In a white paper on drug delivery I contributed to writing a couple of years ago and in the accompanying report, we argued that one of the key economic drivers behind nanotechnology in drug delivery was unlocking the hidden value of many pharma companies’ already developed compounds.
“The acceptance of new drug formulations is expensive and slow, taking up to 15 years to obtain accreditation of new drug formulas with no guarantee of success. Compounds which are highly effective, such as Taxol for the treatment of cancer, are also toxic to healthy cells, and current delivery methods are unable to target just the diseased cells, leading to side effects.
As a result, drug formulation companies are looking to make use of these already in-use drugs and finding better ways of delivering them to their targets. At present, several hundred billion dollars worth of existing compounds, which cannot be delivered properly are sitting in IP vaults unused, and the industry is keen to unlock and exploit this valuable intellectual property.
New drug delivery compounds will also extend the product and patent lifecycles of drugs, allowing the creation of New Chemical Entities (NCE’s) via reformulation of existing and/or orphaned compounds, and subsequent creation of value for shareholders and consumers. Many drugs are poorly soluble, a major problem when the human body is 70% water. In general, poor water solubility correlates with slow dissolution rate, and decreasing the particle size increases the surface area, which leads to an increase in dissolution rate.”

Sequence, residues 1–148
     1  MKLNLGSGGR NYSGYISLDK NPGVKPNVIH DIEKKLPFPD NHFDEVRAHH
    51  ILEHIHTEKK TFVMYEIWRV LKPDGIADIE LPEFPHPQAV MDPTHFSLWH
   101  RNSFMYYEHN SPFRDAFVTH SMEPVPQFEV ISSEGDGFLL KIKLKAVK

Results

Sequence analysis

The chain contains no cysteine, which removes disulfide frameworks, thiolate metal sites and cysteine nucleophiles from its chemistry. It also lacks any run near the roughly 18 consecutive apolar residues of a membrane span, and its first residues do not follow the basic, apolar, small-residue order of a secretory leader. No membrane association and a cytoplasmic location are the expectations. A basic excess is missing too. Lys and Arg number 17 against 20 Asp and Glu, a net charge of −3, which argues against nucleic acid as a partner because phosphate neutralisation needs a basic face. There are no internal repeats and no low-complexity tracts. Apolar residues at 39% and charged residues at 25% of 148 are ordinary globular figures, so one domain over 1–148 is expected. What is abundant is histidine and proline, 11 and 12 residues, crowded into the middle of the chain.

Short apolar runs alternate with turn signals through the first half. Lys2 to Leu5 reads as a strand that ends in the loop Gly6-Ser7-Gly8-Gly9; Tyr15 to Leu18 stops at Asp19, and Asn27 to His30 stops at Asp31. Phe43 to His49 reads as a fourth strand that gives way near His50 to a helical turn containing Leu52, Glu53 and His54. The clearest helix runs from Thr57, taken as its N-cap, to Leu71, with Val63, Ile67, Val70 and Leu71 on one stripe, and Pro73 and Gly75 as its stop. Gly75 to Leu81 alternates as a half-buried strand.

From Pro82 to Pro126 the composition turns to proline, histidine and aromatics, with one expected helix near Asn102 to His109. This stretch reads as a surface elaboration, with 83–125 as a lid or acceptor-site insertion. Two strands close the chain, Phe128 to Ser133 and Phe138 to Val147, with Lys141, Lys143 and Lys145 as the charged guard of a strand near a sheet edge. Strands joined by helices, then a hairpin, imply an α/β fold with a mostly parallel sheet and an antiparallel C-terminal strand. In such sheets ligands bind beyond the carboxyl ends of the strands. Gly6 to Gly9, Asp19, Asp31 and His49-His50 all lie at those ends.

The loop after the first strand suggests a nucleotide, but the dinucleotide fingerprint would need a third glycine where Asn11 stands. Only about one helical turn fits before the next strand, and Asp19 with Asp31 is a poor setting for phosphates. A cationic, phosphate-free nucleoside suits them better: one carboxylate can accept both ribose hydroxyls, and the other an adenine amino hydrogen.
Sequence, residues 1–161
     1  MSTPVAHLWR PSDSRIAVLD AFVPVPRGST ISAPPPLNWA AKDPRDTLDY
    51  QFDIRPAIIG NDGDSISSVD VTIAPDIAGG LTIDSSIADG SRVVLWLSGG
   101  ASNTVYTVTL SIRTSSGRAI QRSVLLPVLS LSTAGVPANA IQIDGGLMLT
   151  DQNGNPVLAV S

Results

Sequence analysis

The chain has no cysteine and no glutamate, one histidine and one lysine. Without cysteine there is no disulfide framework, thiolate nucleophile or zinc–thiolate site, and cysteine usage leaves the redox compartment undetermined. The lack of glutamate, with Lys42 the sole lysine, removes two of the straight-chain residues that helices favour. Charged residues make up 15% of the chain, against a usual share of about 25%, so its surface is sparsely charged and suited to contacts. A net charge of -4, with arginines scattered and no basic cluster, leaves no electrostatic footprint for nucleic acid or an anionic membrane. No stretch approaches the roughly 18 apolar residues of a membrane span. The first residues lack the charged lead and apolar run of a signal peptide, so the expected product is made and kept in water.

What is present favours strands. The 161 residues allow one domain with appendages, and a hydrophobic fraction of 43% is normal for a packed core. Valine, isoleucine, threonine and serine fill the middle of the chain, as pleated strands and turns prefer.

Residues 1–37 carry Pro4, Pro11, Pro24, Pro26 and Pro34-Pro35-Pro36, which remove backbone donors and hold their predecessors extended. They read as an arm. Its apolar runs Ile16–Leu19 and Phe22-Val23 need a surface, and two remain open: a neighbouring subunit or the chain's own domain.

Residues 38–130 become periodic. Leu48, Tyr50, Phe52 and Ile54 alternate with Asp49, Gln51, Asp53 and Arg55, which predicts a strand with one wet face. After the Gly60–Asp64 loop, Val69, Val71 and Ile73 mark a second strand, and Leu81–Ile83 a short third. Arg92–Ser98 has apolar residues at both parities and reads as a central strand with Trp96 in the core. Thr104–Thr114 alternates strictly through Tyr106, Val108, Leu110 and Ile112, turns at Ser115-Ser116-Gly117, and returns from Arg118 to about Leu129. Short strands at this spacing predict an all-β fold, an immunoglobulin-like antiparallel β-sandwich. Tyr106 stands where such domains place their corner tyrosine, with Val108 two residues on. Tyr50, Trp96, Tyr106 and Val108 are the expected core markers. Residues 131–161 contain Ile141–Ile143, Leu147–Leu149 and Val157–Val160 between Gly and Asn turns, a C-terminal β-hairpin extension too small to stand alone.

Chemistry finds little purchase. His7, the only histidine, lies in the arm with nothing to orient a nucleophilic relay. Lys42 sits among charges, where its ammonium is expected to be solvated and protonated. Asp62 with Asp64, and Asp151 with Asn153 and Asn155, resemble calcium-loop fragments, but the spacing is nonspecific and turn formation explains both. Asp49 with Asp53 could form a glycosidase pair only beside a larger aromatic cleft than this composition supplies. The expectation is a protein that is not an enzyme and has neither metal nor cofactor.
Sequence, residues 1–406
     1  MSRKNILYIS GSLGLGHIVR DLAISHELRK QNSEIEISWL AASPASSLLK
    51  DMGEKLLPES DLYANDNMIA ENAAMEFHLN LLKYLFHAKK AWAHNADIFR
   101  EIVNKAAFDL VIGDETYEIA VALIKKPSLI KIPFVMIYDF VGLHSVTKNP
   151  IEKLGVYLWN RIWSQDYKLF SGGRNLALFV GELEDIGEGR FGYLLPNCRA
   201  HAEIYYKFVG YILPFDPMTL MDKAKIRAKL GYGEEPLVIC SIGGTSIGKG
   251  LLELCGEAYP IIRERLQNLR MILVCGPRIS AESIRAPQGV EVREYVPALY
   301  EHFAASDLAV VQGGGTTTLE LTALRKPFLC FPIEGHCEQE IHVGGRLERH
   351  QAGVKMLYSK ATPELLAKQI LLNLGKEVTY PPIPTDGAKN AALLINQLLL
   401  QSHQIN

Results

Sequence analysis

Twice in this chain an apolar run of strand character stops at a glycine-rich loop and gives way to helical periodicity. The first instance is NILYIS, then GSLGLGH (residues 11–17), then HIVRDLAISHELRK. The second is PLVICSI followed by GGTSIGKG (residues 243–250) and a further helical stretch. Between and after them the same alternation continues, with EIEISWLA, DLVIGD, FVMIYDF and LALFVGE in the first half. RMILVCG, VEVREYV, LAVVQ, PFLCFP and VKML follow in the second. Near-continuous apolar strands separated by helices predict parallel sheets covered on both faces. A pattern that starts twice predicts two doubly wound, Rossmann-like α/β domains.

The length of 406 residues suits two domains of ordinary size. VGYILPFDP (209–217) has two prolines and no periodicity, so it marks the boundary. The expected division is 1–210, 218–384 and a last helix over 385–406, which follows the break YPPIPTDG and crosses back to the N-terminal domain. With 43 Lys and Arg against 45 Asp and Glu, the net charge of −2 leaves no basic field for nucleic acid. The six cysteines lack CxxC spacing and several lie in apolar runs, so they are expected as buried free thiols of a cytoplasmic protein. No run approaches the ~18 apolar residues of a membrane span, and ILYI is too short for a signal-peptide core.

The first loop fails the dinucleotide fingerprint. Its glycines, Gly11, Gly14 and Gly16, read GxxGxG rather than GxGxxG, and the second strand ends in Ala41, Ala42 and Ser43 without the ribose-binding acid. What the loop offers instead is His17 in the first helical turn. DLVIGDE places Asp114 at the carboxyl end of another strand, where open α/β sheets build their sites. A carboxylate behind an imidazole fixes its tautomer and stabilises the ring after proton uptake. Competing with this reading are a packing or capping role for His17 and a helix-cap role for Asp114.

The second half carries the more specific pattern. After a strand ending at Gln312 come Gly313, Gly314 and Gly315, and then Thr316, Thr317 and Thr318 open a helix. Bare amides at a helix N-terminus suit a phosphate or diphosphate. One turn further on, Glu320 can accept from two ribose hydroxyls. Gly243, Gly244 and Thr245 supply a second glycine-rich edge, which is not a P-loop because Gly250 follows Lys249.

In a recent article in PharmaTech.com an interview with several pharma experts indicates that one of the biggest impacts nanotechnology is having at least in health and medicine is the revitalization of “drying pharma pipelines”.
The disparate views in the piece hit on a number of areas that nanotechnology is impacting healthcare, such as analytical instrumentation or diagnostics. But one is struck by the example provided by Dr Gary Liversidge of Elan Drug Technologies launching five licensed products using the companies’ NanoCrystal technology with market sales of nearly $2 billion. “These and other nanotechnology-based products have moved the technology from the academic curiosity that it was in the 1980s to one that can potentially deliver real solutions for the many compounds that are poorly water-soluble,” says Liversidge in the interview.
This figure of $2 billion begs the question of whether I will have to resurrect my argument of “sine qua non” to explain to would-be economists that a few pennies of nanoparticles do create the value of a new drug formulation not just to market researchers but the companies producing them as well.
But before I completely jump on the nanoparticles for drug formulation bandwagon, I have to concede that this recent article in which George Whitesides offers another perspective has left me somewhat in doubt. Whitesides argues that the focus should be on using nanotechnology for imaging and diagnosing rather than treatment because even though cancer treatments may be targeting cancer cells “Cancer cells are abnormal cells, but they’re still us."